Sports injuries: why do they occur and what are the most common ones?
Published: 5 September, 2023 | 6'
With the help of Doctor Yaiza Acosta, specialist in physical and sports medicine, and María Mercedes Sánchez, responsible for the Scientific Information area of MARNYS, we are going to understand what sports injuries are and which are the most common ones.
What is a sports injury?
A sports injury can be simply defined as the result of applying force to a part of the body that exceeds its resistance capacity, affecting the functioning of the structure, and that occurs as a result of sports, physical activity or exercise.
Why do we get injured?
As explained by Doctor Acosta: “injuries occur due to an interaction of different events and risk factors“. Thus, the factors involved can be intrinsic (dependent on the athlete) or extrinsic (associated with the environment).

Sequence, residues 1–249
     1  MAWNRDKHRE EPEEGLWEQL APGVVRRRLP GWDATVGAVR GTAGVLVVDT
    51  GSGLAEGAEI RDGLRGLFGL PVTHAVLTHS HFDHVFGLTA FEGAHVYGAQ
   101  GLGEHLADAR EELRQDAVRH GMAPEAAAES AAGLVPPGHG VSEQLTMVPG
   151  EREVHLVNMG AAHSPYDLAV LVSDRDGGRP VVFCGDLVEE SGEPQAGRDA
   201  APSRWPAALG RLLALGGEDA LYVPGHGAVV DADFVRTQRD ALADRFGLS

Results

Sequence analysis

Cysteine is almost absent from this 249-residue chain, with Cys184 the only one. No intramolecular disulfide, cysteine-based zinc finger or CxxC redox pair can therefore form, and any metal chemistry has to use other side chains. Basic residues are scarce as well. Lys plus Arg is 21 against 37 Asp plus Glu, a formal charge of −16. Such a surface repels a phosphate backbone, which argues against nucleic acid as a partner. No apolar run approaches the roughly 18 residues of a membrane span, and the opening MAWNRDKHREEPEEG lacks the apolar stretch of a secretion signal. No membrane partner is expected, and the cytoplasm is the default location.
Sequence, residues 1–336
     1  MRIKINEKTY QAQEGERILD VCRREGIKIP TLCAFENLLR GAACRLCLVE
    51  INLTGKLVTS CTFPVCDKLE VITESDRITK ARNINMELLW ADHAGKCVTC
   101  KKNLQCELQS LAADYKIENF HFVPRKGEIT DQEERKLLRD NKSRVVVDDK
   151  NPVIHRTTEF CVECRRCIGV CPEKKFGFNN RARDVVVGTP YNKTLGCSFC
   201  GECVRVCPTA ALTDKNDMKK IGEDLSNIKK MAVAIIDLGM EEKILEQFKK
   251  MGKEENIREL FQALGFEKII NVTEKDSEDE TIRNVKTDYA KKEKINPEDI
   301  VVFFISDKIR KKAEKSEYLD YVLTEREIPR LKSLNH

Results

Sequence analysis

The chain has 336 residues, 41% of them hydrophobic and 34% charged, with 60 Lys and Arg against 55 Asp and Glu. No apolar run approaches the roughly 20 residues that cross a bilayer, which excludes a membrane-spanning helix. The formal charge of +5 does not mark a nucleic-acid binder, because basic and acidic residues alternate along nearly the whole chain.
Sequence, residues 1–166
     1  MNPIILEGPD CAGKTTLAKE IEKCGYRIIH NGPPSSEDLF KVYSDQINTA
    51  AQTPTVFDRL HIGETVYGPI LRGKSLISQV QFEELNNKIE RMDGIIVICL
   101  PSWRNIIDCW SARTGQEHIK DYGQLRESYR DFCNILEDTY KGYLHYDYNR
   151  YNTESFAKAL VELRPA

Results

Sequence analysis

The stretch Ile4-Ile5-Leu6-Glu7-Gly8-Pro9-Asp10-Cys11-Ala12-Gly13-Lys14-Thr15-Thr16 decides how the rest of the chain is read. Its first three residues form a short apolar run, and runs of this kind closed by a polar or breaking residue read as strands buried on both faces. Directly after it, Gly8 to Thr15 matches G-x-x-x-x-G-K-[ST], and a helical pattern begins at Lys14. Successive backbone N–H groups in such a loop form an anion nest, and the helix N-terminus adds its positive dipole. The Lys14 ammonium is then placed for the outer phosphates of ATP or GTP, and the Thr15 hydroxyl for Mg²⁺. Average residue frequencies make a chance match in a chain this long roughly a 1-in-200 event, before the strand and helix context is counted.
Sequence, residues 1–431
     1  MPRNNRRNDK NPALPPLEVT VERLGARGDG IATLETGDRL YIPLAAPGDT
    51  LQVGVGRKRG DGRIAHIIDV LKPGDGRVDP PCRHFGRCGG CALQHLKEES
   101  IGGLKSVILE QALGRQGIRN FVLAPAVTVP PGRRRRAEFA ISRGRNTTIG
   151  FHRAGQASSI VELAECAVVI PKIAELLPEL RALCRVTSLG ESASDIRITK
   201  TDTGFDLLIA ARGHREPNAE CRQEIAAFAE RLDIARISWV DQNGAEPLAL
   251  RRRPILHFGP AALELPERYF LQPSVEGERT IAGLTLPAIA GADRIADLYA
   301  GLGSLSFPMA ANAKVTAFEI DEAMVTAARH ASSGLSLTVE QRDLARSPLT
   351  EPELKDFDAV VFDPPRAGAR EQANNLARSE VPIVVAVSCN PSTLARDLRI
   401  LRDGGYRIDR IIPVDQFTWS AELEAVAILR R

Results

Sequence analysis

- Age: as age increases, the risk of sports injuries increases due to a lower physical condition or bone conditions, such as osteoporosis.
- Growth: during this stage, cartilages are more susceptible to repetitive pressure, which can lead to muscular imbalances and injuries.
- Gender: some injuries are more frequent in men, while others are more common in women.
- Body composition: the weight that joints must bear, bone mineral density, lean tissue mass, etc. can influence the risk of injuries.
- Nutritional factors: inadequate levels of minerals such as calcium or magnesium, or vitamins such as vitamin D, can be factors associated with injuries.
- Previous injuries: they can cause joint instability or, if there has been inadequate rehabilitation, predispose to new injuries.
- Physical conditioning: how strength is used, muscular power, oxygen consumption, and joint range of motion will determine the risk of injuries.
- Sport technique: an inadequate execution of sports technique can lead to acute or overuse injuries.
- Mental state: it is now recognized that the psychological state of the athlete is essential in avoiding sports injuries.
- Others: hormonal factors, toxic substances, metabolic diseases, medications, and anatomical conditions.
- Training regimen: there are injuries that occur due to lack of warm-up, too rapid progression in training and/or insufficient rest.